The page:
Monthly Market Outlook
Managing risk in a world of conflict
November 2023 (Click here to download)
When prominent New York hedge fund manager Bill Ackman revealed at the end of October that he had closed his short position on US government bonds, his comments helped move the $24 trillion US treasury bond market.1
The billionaire founder of Pershing Square said, “there is too much risk in the world to remain short bonds at current long-term rates,” and suggested investors will increasingly turn to bonds as a safe haven because of growing geopolitical instability. US Treasury bond prices jumped sharply after his social media post, which is quite astonishing given that one person’s views would not normally be able to affect such a huge market.
This is a stark illustration of how fervently investors are searching for signals in the current environment of macroeconomic uncertainty and geopolitical risk.
As investors, we must be mindful of all sources of risk, and geopolitical risk is increasing with escalating conflicts, which come at a heavy cost to human life.
The last 40 years have been relatively stable from a geopolitical perspective. The end of the Cold War, China’s entry into the World Trade Organisation, followed by accelerating globalisation combined to create a benign environment in historical terms.
Today, things have changed, and all investors now need to pay attention to geopolitical risk.
How geopolitical risk has affected markets
Gold, traditionally seen as a safe haven asset in times of uncertainty climbed to 1,990 US$/oz (as of 1 November), up from 1,830 US$/oz at the start of October, on increased geopolitical risk.
Brent and WTI crude oil also rose as traders priced in the risk to global oil supply of an escalation in the Israel-Hamas conflict to the wider Middle East. The risk to the regional natural gas market is more direct, with Israel being a large supplier. A material fall in exports could impact Europe’s liquefied natural gas supply over winter – the price of TTF, the European benchmark for natural gas, has risen by over 30% since 5 October.
The VIX Index, nicknamed ‘the fear index’, is a measure of the expected volatility in US stocks over the next 30 days. It is often used as a bellwether for investor sentiment. The VIX has risen to its highest level since the first quarter of the year, US stock prices have dropped, and the price of equity options has risen as investors looked for ways to hedge risks.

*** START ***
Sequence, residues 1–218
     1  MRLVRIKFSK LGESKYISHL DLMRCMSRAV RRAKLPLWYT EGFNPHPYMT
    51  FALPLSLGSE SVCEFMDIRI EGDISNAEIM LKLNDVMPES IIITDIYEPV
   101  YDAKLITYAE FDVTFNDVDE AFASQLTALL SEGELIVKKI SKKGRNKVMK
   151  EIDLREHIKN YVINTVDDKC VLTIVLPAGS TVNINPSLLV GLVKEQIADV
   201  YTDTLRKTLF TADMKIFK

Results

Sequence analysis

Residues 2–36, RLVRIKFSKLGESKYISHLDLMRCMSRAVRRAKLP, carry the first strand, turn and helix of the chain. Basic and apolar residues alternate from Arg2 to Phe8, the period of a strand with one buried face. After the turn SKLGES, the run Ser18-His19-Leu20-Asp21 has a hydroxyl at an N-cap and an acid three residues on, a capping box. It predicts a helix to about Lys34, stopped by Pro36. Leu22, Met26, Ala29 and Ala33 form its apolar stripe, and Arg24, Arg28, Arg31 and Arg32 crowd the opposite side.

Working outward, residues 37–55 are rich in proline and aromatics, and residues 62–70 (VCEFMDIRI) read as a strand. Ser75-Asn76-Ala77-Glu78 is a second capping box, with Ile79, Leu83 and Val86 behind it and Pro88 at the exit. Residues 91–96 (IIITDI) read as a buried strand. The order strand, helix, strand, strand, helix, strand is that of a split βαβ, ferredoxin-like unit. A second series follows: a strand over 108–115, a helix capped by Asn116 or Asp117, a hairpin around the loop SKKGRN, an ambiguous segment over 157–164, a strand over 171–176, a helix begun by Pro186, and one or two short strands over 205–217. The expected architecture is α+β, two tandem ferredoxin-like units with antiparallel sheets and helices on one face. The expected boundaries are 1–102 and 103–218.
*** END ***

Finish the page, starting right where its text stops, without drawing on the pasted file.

The Manager notes, however, that the VIX has not spiked as dramatically as one might expect, and certainly less than at the start of the Russia-Ukraine war, as the chart below shows.
Public and private global climate finance needs to increase dramatically to secure a 1.5C outcome
Putting the market impact of recent events into context
We continue to analyse and forecast the range of possible outcomes, including worst-case scenarios, and their potential impact. While we are not making portfolio changes directly in response to rising geopolitical risks, we are taking the time to make sure portfolios are properly diversified and reassess all the investments we hold with an eye on risk.
Changing corporate behaviour in Japan
Elsewhere in the world, we are seeing some positive change. Corporate behaviour has been shifting in Japan since the Asian financial crisis 25 years ago. It has been a long time coming, but now indebted Japanese companies are taking a different approach to capital allocation and spending.
Japanese equities were considered a bit of a ‘value trap’ in recent years, meaning they were cheap for good reason, but improving corporate governance and a supportive economic backdrop now makes these stocks look more appealing. The Manager sees strong potential for Japanese equities to appreciate in the medium to long term.
Sector in focus: Utilities
Over the last year, the global utilities sector has been one of the weakest performers relative to the broader market. The sector relies heavily on debt financing to increase revenues, so a higher interest rate environment has made its debt more expensive and hindered performance.
Utilities stocks have defensive qualities because they often pay high dividends, but as government bond yields have risen, utilities have faced greater competition from these and other income-generating assets.
The Manager thinks new legislation and technological improvements should underpin earnings growth in the sector. Decarbonisation policies and subsidies to invest in clean energy in the US and Europe should create a backdrop for broader investment which will benefit utility companies. For instance, the Biden administration’s Inflation Reduction Act has pledged USD 400bn of investment in green energy.
Utilities sit at the epicentre of the green energy transition.
Global risks are rising and, through the lens of an investor, we need to think about how we position ourselves for an uncertain environment. The Manager believes diversity with downside protection and active management continues to be the best way to maximise the chance of investment success.
1 US outstanding treasury securities by type 2022 | Statista
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